TLP leaders
Khadim Hussain Rivzi, Chief of Tehreek-e-Labbaikh Pakistan (TLP) and Pir Afzal Qari, Patron-in-Chief of the TLP during a protest rally against the Supreme Court' verdict to acquit Asia Bibi last year. Image Credit: AFP/File

Dubai: Pakistan’s two firebrand religious leaders who had been booked under sedition and terrorism charges late last year, have been granted bail against surety bond of Rs 5million (Dh130,000) each.

Khadim Hussain Rivzi, Chief of Tehreek-e-Labbaikh Pakistan (TLP), and Pir Afzal Qari, Patron-in-Chief of the TLP were arrested after launching protests against the government on the acquittal of Asia Bibi who was serving jail on blasphemy charges.

The Supreme Court ruled against the charges and acquitted Asia Bibi, who was also allowed to leave the country earlier this month.

Both Rizvi and Qadri were granted bail after Asia Bibi left the country to join her family in Canada.

Rizvi and Qadri were taken into "protective custody" by the state during a crackdown in November 2018, after the TLP announced it would observe martyrs’ day on November 25, 2018.

The arrests followed weeks after the TLP led three-day protests across the country against Asia Bibi's acquittal, according to Dawn, an English daily in Pakistan.

Qadri, who had been booked under sedition and terrorism charges, had resigned from the TLP on May 1 citing health issues and, on the court's earlier directions, issued a public apology for his remarks.

The two-member bench, comprising of Justice Qasim Ali Khan and Justice Asjad Javed Gharal granted the bail till July 15.

The high court pronounced the judgement it had reserved on May 10, on bail pleas filed by Rizvi and Qadri, and rejected an apology submitted by Qadri over incendiary remarks he made during a protest against the Supreme Court's acquittal of Asia Bibi.

The two leaders moved the high court for bail after an anti-terrorism court in Lahore had rejected their request in a case lodged against them for launching a violent protest against the acquittal of Asia Bibi.

Notorious case

The blasphemy case against Asia Bibi is considered the most notorious case in the country as it led to murder of Punjab governor Salman Taseer by his own security guard.

As the governor of Punjab, Taseer had visited Asia Bibi in the prison prison in 2010.

In a televised press conference, with Asia sitting veiled beside him, Taseer had appealed to the president of Pakistan to pardon her.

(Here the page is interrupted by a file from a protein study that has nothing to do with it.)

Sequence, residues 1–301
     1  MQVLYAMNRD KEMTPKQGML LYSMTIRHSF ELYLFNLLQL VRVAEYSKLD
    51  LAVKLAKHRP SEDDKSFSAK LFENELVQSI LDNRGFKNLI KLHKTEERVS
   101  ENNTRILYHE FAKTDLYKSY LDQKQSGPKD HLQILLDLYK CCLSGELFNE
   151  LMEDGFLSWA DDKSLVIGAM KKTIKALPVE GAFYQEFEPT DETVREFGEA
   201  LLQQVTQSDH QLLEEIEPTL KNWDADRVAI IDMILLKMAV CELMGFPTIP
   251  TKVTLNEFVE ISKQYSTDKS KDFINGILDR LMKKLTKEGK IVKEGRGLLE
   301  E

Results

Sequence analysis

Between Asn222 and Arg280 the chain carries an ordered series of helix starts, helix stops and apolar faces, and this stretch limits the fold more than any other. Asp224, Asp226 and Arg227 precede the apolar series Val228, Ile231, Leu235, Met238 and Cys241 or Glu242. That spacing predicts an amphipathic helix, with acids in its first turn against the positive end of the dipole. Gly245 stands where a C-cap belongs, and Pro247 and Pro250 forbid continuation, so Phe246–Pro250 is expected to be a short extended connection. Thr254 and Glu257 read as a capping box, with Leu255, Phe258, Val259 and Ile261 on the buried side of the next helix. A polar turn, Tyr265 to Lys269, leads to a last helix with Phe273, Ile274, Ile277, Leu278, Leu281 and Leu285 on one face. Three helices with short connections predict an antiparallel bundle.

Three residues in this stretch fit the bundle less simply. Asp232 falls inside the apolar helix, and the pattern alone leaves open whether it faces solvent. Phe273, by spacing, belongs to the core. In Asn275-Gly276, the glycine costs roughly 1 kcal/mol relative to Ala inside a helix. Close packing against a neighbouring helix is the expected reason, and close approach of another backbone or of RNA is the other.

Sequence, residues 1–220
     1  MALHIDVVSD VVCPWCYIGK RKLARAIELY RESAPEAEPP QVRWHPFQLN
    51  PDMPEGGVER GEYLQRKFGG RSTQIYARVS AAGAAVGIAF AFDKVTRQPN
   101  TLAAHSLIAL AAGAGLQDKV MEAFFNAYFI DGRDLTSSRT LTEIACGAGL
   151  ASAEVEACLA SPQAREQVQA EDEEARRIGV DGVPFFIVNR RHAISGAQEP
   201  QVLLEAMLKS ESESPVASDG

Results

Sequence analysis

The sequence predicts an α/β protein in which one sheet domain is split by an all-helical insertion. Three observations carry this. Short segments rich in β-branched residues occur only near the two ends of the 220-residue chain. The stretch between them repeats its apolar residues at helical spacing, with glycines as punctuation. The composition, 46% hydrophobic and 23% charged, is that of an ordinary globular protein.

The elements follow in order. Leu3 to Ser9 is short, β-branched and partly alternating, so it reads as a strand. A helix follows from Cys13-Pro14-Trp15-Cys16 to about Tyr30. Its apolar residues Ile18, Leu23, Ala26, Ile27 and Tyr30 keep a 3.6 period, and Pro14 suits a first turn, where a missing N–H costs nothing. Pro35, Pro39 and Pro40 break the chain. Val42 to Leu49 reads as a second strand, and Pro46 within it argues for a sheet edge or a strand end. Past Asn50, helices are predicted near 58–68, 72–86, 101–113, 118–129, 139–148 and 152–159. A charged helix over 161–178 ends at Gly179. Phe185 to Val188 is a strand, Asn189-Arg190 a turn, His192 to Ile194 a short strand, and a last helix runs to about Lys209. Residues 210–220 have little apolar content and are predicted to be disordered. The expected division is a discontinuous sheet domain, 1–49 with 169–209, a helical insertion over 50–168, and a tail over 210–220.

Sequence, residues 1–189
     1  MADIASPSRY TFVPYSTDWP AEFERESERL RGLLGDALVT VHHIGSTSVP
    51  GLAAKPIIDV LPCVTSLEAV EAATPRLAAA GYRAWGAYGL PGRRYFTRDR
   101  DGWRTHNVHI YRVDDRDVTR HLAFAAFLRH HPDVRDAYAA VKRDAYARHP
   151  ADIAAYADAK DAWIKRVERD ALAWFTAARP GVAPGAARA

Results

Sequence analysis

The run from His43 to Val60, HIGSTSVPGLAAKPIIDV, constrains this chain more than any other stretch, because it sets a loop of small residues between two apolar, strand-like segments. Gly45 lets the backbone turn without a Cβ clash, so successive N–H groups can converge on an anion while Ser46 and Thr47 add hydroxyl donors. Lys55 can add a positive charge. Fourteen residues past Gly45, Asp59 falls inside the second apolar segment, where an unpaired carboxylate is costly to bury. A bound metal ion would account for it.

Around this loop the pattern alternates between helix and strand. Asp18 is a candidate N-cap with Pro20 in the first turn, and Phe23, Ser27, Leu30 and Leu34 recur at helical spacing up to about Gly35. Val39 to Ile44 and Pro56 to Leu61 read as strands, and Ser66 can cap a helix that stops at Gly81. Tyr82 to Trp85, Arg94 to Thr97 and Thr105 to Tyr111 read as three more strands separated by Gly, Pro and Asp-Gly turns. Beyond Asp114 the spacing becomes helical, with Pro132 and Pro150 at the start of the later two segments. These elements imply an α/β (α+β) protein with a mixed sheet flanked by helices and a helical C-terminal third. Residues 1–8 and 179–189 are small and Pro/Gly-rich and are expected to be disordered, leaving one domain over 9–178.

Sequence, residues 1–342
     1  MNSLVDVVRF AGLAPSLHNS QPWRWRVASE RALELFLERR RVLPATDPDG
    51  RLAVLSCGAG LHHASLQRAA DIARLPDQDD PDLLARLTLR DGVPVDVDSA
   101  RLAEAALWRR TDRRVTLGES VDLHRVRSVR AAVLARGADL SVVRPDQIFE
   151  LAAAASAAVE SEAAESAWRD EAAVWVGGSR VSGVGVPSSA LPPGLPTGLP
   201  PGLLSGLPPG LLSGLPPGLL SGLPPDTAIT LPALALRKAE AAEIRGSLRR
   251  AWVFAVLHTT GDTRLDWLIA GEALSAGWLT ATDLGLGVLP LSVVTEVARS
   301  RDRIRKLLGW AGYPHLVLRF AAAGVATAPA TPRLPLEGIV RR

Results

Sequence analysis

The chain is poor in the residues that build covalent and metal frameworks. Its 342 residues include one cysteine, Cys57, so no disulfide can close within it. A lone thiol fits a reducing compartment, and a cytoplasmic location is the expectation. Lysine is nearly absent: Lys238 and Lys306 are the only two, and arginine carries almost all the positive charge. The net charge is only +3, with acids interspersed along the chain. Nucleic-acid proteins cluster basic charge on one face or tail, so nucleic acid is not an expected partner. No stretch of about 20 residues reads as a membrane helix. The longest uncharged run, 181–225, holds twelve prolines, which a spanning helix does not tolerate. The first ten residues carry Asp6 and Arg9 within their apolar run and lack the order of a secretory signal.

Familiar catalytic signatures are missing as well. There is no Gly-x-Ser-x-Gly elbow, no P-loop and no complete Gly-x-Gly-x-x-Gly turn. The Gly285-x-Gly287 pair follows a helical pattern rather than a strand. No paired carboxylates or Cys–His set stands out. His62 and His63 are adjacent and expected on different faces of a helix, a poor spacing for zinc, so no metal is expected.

Only a few weeks later, Taseer was assassinated in broad daylight by his own security guard.

In the middle of Islamabad’s busy Kohsaar market, Malik Mumtaz Hussain Qadri, a young police commando, shot the governor 27 times at point-blank range.

Overnight, Qadri became a hero to millions. Handing himself over to the authorities, Qadri told the police he did not have any regrets over killing Taseer — that it was his religious duty.

Protest actions

Qadri was sentenced to death, and hanged to death in 2016, triggering protest across the country by the TLP leadership.

Asia Bibi was acquitted of blasphemy charges by the Supreme Court on October 31, 2018, after spending nine years in jail on death row. The ruling sparked country-wide protests by religio-political groups especially by the TLP.

After she was released from a Multan women's prison on November 7 last year, she was flown to Islamabad via special aircraft, and then taken to an undisclosed location amid tight security until her departure to Canada last week.

The allegations against Asia Bibi were made in June 2009 when she was labouring in a field and a row broke out with some Muslim women she was working with.

She was asked to fetch water, but the Muslim women reportedly objected, saying that as a non-Muslim she was unfit to touch the water bowl.

A few days later, the women went to a local cleric and put forward the blasphemy allegations, which Pakistan's Supreme Court threw out for lack of evidence.